A recent article by Fast Company explains how the sensors within our vehicles could soon be intuitive enough to monitor our own health.
Nigel, a Mini Cooper model, is a continuing project between car giants BMW and the USC School of Cinematic Arts, which started back in 2010. Nigel has been fitted with over 230 sensors that enable the car’s users to track and log everything that happens to the car via a smartphone application, and more recently, researchers at the University of Southern California’s Center for Body Computing have been enlisted to explore how these sensors might be able to “monitor” the vehicle’s health and the driver’s health.
Design Researcher at the USC School of Cinematic Arts, Jen Stein explains Nigel further:
“We are using the data generated by the car and the driver, looking at driver habits, a combination of sensors we know that the drivers are using, and creating an experience around that data. We’ve developed a character that has emerged out of that data. There’s an I-drive display in the center of the car, and once you plug your iPhone in and launch the Lifelog app, we can collect all the data.”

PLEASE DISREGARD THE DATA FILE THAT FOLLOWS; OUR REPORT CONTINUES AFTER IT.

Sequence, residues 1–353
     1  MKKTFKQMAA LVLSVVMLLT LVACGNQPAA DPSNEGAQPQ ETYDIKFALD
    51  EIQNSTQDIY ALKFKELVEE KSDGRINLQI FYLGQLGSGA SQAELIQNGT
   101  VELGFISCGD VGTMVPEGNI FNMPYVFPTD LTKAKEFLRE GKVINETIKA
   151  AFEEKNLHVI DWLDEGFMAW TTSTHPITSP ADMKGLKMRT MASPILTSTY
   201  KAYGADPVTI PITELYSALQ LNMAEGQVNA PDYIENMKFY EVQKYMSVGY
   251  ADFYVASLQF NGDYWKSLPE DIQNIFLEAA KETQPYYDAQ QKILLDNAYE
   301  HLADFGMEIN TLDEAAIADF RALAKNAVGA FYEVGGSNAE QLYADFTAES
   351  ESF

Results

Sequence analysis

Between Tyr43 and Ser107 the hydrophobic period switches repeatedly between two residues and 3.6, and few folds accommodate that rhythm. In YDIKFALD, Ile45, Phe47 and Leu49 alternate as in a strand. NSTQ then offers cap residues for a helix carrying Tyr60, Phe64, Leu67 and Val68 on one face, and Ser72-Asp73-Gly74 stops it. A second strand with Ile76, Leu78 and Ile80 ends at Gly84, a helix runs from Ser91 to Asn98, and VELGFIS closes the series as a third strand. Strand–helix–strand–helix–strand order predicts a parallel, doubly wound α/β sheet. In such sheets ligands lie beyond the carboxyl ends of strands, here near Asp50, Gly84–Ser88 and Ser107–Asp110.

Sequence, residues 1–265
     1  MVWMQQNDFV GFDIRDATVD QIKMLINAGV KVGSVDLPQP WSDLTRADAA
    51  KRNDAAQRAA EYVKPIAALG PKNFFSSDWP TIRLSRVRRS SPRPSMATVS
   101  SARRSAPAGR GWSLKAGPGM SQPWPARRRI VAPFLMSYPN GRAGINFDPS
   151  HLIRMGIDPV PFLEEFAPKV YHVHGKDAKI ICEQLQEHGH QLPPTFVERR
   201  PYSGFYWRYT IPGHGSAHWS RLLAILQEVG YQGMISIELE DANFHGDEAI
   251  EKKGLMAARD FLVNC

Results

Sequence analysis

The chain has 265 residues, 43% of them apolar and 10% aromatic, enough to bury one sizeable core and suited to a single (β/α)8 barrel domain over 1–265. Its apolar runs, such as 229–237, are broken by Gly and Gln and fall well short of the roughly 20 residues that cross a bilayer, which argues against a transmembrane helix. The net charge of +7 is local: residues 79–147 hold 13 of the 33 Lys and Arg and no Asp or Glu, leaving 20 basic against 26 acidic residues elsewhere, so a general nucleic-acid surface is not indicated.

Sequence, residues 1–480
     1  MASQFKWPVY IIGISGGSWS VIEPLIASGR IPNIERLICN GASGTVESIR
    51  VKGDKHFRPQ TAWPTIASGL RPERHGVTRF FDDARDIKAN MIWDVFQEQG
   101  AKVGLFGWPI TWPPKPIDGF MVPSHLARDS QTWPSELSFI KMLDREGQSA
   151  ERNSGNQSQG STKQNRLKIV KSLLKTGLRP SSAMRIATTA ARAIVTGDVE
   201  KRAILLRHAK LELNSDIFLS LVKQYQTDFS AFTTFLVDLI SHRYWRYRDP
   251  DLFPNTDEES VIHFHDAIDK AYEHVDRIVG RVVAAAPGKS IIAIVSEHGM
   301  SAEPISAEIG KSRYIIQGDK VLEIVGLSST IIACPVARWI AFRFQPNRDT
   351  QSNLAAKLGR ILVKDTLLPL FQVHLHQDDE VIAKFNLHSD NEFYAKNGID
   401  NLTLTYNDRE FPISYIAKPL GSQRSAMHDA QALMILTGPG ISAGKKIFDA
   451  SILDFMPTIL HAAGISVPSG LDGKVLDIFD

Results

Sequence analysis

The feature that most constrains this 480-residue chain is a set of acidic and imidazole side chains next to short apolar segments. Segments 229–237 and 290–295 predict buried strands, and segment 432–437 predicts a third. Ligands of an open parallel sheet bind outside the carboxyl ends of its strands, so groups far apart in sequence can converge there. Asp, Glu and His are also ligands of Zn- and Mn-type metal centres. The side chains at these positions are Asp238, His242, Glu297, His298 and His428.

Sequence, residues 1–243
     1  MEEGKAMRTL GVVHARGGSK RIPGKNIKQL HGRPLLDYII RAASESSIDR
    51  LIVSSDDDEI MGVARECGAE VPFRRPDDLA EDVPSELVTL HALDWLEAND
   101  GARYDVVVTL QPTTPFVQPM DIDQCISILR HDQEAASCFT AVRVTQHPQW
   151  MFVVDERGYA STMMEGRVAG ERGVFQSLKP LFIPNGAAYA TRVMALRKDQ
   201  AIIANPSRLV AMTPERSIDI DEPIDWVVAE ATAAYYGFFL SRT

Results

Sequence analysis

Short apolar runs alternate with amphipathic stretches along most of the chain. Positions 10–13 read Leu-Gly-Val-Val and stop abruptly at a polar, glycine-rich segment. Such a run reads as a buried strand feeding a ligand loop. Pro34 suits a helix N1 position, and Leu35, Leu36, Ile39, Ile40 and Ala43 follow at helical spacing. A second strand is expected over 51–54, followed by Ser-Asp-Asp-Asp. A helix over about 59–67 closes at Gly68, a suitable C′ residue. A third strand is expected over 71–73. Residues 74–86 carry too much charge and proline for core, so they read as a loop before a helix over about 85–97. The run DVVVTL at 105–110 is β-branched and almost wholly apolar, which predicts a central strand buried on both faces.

Although the Nigel project is only in its early stages, Dr. Leslie Saxon, Executive Director at the USC Center for Body Computing envisages health sensors that are integrated into the car. These sensors could warn drivers of any impending dangers ahead of the driver, such as air pollution, or a heart sensor that could track the rate of the driver at different stages of their journey.
See our recent coverage of the Paris Motor Show 2012, in which we take an in-depth look at the latest HMI (Human Machine Interface) developments in automobile technology. – Samantha Fox
Scroll down for images via Fast Company.